With the advent of social media, ordinary consumers are able to express their opinions on an unprecedented level. But although these tools are able to be used for good, most of the time they’re used to voice loud complaints over seemingly innocuous reasons.

One of the most utilized methods by consumers specifically is called “review bombing,” where users simply spam a specific listing on a review page en masse. Although review bombing is incredibly common on various review aggregates like Metacritic and Rotten Tomatoes, Dota 2 developer Valve is one of the first to implement a counter-measure to review bombing. Steam simply measuring the amount of negative reviews that are posted over a specific amount of time.

For Valve, however, the implementation of this new system comes with a rather embarrassing caveat. The developer’s own flagship game Dota 2 was littered with more than 7,000 negative reviews on its Steam page from Aug. 25, in what appeared to be a mass-effort by alienated fans.

The reason behind this vitriolic reaction appears to be, primarily, fueled by disappointed fans of Valve’s legendary Half-Life-series. The franchise has been dormant since the release of Half-Life 2: Episode Two on Oct. 10, 2007, and no future iteration of the series appears to be in the works as all major staff that worked on the franchise have left Valve.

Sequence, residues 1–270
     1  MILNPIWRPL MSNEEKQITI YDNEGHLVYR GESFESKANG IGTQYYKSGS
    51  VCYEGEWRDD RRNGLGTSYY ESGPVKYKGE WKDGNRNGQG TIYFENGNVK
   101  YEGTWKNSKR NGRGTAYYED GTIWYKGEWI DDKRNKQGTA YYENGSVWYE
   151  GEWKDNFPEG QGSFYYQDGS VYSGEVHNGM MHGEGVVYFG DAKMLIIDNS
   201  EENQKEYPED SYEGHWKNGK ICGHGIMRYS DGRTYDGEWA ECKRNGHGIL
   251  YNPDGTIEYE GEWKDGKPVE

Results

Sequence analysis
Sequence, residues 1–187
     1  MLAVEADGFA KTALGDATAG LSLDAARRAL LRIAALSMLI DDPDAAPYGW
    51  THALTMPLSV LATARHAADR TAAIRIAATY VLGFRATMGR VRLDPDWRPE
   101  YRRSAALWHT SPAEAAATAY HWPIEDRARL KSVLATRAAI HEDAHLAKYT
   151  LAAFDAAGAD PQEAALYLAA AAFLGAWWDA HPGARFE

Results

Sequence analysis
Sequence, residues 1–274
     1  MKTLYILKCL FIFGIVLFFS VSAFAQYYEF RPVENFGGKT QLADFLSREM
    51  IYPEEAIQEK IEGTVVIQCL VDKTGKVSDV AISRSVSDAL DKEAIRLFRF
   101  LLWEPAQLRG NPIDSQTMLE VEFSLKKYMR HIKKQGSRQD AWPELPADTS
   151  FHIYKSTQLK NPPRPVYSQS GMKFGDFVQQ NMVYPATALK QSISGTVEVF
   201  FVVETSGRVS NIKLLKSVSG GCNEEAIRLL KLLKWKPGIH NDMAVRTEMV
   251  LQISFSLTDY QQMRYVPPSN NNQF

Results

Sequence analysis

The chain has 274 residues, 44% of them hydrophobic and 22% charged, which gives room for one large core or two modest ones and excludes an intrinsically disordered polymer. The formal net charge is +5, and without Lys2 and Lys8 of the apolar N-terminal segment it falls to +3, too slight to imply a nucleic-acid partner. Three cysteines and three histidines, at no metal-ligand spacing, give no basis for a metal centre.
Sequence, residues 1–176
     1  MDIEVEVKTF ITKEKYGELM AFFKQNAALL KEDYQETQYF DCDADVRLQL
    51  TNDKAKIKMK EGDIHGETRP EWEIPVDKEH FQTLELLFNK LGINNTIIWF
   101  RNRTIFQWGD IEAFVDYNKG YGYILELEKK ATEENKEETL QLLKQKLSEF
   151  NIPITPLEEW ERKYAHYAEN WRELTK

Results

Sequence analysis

What set off fans of the series was a post on former Half-Life writer Marc Ladilaw’s blog titled “Epistle 3.” The blog entry appears to be Ladilaw’s attempt at wrapping up the loose ends of the Half-Life-franchise, meaning there more than likely will never be a final game in the classic series. The blog entry and the seeming death of Half-Life coincided with an increase in poor reviews on Dota 2’s Steam page, with many of them mentioning Half-Life 3 in their comments.

One of the main claims by the unsatisfied fans was centered around Valve’s announcement of its upcoming TCG Artifact. Given the short period of time between the unveiling of Artifact and that of Ladilaw’s “Epistle 3”, the sentiment among the upset fans seemed to be that Half-Life 3 was cancelled in favor of Artifact. Ladilaw himself, however, personally denied this interpretation of events.

Dota 2 fans aren’t entirely within their right to dissuade the practice of reviewbombing, however. On Nov. 1, 2013, the game’s community engaged in the same behavior once it was clear that Valve would not be reintroducing a Halloween game-mode known as “Diretide”, which they had debuted during the 2012 Halloween weekend.

Credit: Valve & Dot Esports